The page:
Note: I received no form of compensation or consideration for writing this review. Three single serving bars were sent to me free of charge for the sole purpose of writing this review.
Tags: Cocoa, Probiotics, Sugar
Posted in Food and Drink, Nutritional Supplements, Product Reviews
June 10th, 2010 at 2:32 am
Good Morning, JP 🙂
a little off topic: i read recently that almond and raw almond butter have probiotic effects too, have you heard of that? Has something to do with the fats, but im not sure and haven’
June 10th, 2010 at 2:39 am
ooops, whats going on with my pc??
…haven’t saved the link. Also do bananas, they enhance some positive short chain fatty acids in the large intestine.
Another question: do you have any idea to make icecream without milk and egg, do you think i can use coconutmilk or a nutcream instead?
Today is question day ;-): the eu will allow steviaproducts here soon. I have no experience with stevia yet. Does it boost insulin release because of its sweet taste like artificial sweetner? That would mean that blood suger is droping to fast/stron after eating stevia causing sugar cravings.
Greetings from the faaaar side 🙂 ☼
June 10th, 2010 at 12:50 pm
Good day, Nina! 🙂
It’s true. Almonds do possess prebiotic properties. Some of the evidence:
June 10th, 2010 at 1:07 pm
It appears that purified stevia does not negatively affect blood sugar, insulin or satiety.
Effects of stevia, aspartame, and sucrose on food intake, satiety, and postprandial glucose and insulin levels
Apparent lack of pharmacological effect of steviol glycosides used as sweeteners in humans
re: dairy and egg-free ice cream
It seems like it’s possible – though I’ve never tried it. Here’s a proposed recipe:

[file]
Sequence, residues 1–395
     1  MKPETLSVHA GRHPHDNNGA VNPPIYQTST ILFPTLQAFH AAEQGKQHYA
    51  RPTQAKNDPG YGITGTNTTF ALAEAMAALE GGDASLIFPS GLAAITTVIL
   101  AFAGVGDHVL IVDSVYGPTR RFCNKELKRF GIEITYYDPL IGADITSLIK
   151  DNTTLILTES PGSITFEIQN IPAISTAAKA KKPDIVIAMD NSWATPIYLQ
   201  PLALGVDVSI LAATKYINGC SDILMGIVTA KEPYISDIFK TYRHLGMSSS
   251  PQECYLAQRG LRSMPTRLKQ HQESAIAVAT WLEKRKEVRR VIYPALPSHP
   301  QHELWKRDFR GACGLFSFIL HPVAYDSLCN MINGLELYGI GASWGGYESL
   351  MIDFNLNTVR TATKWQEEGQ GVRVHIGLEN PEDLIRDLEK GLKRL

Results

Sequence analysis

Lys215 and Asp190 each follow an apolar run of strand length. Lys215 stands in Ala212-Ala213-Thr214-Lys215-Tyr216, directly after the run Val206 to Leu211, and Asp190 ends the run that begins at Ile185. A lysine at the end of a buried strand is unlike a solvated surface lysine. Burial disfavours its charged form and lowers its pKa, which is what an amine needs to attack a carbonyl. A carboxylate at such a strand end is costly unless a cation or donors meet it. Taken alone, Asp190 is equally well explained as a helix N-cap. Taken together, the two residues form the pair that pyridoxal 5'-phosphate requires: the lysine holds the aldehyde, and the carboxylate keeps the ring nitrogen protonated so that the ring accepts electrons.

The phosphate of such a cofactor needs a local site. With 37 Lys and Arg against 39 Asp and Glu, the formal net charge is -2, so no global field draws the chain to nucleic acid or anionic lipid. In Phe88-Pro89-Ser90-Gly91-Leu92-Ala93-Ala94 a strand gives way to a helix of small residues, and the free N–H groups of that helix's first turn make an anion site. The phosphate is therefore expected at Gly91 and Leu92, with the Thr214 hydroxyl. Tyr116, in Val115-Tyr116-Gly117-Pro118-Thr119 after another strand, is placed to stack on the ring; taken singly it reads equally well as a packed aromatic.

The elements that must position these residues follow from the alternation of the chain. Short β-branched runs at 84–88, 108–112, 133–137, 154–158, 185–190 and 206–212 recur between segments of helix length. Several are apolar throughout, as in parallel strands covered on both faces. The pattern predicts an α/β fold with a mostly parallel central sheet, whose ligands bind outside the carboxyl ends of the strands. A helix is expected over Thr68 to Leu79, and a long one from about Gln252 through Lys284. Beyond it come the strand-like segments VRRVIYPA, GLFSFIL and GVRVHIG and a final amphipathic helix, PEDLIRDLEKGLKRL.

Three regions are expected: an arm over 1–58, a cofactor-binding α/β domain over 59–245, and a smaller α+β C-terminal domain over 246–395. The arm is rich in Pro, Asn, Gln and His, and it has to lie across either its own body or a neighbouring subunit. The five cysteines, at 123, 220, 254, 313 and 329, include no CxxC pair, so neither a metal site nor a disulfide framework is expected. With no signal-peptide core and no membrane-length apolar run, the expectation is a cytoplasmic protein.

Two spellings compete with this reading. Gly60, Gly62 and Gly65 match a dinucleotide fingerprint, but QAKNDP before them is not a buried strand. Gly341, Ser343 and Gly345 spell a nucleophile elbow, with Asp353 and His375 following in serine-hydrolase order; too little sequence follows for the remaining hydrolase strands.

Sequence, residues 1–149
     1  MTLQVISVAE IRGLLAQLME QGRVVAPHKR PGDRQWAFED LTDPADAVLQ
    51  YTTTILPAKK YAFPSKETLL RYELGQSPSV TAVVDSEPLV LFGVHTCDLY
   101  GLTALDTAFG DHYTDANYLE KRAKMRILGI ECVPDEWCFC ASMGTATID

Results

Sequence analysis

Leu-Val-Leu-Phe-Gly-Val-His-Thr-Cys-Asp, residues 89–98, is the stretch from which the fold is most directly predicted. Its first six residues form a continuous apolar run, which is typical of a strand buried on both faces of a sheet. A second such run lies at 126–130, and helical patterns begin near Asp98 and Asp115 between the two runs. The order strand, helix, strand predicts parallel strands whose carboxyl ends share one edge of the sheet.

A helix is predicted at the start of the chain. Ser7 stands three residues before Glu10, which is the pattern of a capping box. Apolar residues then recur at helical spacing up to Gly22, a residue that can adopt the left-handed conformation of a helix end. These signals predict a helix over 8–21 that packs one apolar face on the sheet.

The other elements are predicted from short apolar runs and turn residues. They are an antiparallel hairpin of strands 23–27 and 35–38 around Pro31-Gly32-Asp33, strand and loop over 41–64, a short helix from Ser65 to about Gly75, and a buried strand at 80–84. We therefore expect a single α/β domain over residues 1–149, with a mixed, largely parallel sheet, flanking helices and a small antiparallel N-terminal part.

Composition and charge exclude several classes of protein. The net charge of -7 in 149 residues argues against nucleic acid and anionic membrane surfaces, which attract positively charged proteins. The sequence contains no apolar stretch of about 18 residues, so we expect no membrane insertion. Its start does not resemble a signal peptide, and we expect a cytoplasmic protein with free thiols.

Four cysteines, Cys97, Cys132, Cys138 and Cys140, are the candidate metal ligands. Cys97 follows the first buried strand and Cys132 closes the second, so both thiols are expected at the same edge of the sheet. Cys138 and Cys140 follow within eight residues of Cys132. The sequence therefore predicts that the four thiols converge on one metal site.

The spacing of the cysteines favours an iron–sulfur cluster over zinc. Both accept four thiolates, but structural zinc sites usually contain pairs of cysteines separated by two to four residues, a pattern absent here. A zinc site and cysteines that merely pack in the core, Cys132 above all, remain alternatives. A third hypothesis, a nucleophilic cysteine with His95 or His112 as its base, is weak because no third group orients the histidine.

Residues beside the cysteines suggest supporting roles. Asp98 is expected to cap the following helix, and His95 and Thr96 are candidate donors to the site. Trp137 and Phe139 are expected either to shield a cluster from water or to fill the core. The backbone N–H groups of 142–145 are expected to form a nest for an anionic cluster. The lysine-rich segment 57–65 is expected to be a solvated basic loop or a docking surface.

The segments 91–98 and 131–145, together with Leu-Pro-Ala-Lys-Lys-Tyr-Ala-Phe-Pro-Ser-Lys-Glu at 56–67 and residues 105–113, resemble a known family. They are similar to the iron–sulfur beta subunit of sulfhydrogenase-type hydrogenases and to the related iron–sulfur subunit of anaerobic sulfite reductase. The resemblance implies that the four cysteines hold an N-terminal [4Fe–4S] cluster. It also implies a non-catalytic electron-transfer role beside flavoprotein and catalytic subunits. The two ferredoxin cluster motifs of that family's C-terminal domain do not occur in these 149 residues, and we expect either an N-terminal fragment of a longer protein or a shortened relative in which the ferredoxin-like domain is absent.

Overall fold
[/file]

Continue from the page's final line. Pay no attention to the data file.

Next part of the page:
I don’t approve of agave syrup but it could be quite healthful if you used a different sweetener instead, IMO. Also, I’d probably opt for unsweetened almond milk rather than hemp milk.
June 10th, 2010 at 4:33 pm
Looks like a great product! What the prize on those little things?
June 10th, 2010 at 7:54 pm
Would the probiotics in these bars actually be beneficial? I would think the heat of making the bars would be kill or reduce the amount available.
If one would add cinnamon to their daily routine, would that not help to reduce any insulin spike caused by the sugar??
June 10th, 2010 at 8:17 pm
I like that figure of speech, about lead-based paint….
It is now my favourite saying!
June 11th, 2010 at 2:50 am
Thank you JP, you’re a sweetheart ♥, so much work done to answer my questions, thx.
…going to read your links 🙂
June 11th, 2010 at 2:01 pm
Good day, Vadim! 🙂
It seems like the bars cost about $1.50 each – sometimes a little less.
I’ve seen them in the refrigerated section of my local health food store – in the dairy section, even though they’re dairy-free.
June 11th, 2010 at 2:17 pm
The bars are shipped with a cold-pack and sold in the refrigerated section of health food stores.
The manufacturer claims that, under reasonable conditions, they will retain at least 6 billion healthy bacteria though their expiration date.
Cinnamon might help. I add some to my daily coffee drink in the form of organic pumpkin spice. Here are a few of my columns on cinnamon:
June 11th, 2010 at 2:21 pm
Thanks, Anne! 🙂
The words just pop into my head and I type ’em. 🙂
I’m happy to know they’re appreciated!
June 11th, 2010 at 2:22 pm
You’re most welcome, Nina! 🙂
I hope the information addresses your questions well.
July 11th, 2010 at 6:21 pm
I am very specific with the foods I eat. I have become more interested in probiotics and I came across the Attune bars in my local HEB. I tried them out and not only do they fulfill my probiotic needs, they also taste great! They have become my treat after lunch or dinner. Only 80-100 calories is perfect for me and my diet needs. I am very excited to try their new granola.
July 11th, 2010 at 6:44 pm
Excellent news, Sara. 🙂
Thanks for the feedback!
March 30th, 2011 at 9:10 pm
Hi there JP – I’m 74, retired, and enjoy a glass of red wine (Merlot)with a Dove dark chocolate (8 grams) every day. It’s my 4 pm treat. 🙂 I’ve just recently discovered Attune chocolate bars, and I’m wondering if it’s okay to have the Attune bar with red wine. IE, will the wine alcohol disrupt the benefits of the Attune bar?
Love the bars… great taste! But I’m only on my second bar, so I can’t really testify yet to it’s health benefits.
March 30th, 2011 at 11:46 pm
There isn’t a lot of data to work with on this subject matter. But this item, from 2007, suggests that it would be fine to combine the two.
March 31st, 2011 at 7:31 am
Thanks for the link JP… very informative. And great news for me BTW!
March 29th, 2015 at 11:10 pm
Thank you, Don!
June 2nd, 2015 at 9:36 pm